Like me, Dr. Mehmet Oz recommends a low glycemic diet, for blood sugar management. And, yoga.
“We are a nation in a diabetes crisis,” says Dr. Oz. “Over the course of my career, I’ve watched patients who were destined for diabetes completely rewrite their fate by losing weight and getting in shape,” he states. Dr. Oz and I recognize yoga as a holistic method to mend mind, body and spirit.
“Add diabetes prevention to the ancient art’s long list of health perks. Studies show that yoga increases the rate at which glucose moves from the blood into our cells. It also reduces levels of stress hormones, which can cause an accumulation of abdominal fat and interfere with the secretion of insulin.”
Case in point: me. Diabetes killed my mom. My aunt, uncle and grandmother were diabetic. Then, one day after re-reading my mom’s article in a diabetes magazine about her beginning insulin, I got the call. It was my turn. Never mind that my weight was normal. Didn’t matter that I’d been watching sugar intake my entire life. Ka-bam. The preachings of Traditional Chinese Medicine (TCM) and Ayurveda were clear. We are all unique. We must find balance through diligent lifestyle management. Finding, and following, our own wellness regimen. Our dinacharya.
Fortunately, a great Ayurvedic doctor coached me. Way beyond a low glycemic diet. Today, I’m 61 years old. My vitals are perfect. I take zero meds.
My blood sugar management approach goes far beyond drugs and calories. That’s why I created a therapeutic workshop series, The Sugar Drop, focused on blood sugar management. A low glycemic diet is just one component of my workshops. While extremely important, it’s not that simple. Which is why I’ll delve into that a bit, here.
Low Glycemic Diet — Not Always Fruit-friendly
Most people equate fruit with low calories and good health. An apple a day may seemingly keep the doctor away. However, for those of us with insulin resistance, or compromised production of insulin, we have to be careful with fruit.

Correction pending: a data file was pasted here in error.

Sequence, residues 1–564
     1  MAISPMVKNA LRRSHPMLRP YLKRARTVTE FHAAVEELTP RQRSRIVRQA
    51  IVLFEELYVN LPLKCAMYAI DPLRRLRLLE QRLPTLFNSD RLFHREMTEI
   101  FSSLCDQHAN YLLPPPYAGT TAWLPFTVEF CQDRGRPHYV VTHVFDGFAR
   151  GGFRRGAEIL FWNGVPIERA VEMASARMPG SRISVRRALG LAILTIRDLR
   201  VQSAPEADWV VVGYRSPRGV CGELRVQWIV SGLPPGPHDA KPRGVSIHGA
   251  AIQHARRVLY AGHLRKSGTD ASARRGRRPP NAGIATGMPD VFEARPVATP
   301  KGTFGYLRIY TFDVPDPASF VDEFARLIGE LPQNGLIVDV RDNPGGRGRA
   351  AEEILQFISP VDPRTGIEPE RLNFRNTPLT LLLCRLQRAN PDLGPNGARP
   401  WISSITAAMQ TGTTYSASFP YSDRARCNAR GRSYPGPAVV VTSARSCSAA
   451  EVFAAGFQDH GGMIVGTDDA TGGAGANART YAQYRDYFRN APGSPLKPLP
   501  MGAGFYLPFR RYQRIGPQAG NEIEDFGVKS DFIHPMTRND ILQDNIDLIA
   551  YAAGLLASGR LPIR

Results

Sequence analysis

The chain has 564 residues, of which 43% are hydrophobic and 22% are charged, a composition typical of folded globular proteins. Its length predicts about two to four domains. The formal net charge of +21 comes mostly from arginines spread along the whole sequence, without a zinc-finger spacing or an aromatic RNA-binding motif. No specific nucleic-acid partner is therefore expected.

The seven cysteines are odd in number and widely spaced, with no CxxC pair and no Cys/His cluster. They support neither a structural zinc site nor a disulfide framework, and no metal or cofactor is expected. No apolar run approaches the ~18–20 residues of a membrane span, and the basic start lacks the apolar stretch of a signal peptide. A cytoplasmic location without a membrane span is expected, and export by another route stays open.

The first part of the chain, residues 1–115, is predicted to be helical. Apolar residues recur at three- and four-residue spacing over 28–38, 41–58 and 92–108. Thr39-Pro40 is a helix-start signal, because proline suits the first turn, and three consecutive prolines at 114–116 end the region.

For example, my personalized Ayurvedic diet, allows me to eat fruit only in the mornings. Furthermore, I don’t mix fruit with non-fruit. As a result, no smoothies. No snacks of fruit and nuts. Nor, apples in my salads, or berries in my yogurt. Just a small serving of fresh fruit, ideally on an empty stomach.
Moreover, the types of fruit for those with blood sugar issues is critical. To me, fruit is fructose (sugar) packaged in different sizes, shapes, colors and degrees of sweetness. Among the worst offenders: bananas. I haven’t had one in a decade. Fortunately, not all fruit are as sweet as bananas. Bottom line: I opt for a low-glycemic diet–and an Ayurvedic approach molded to my needs.
Low Glycemic Diet: Index Vs. Load
Dr. Andrew Weil explains the importance of a low-glycemic diet.
“The glycemic index ranks carbohydrate foods on the basis of how they affect blood sugar (glucose). This is important for many people because eating a lot of foods that rank high on the glycemic index will produce spikes in blood sugar that can lead over time to loss of sensitivity to insulin, the hormone needed to allow blood sugar to enter cells for use as fuel. When using the glycemic index as a guide to food choices, you also have to consider “glycemic load,” a measure of how many grams of carbohydrate a normal serving contains.” He gives examples of carrots and beets which have high glycemic indices, but low loads.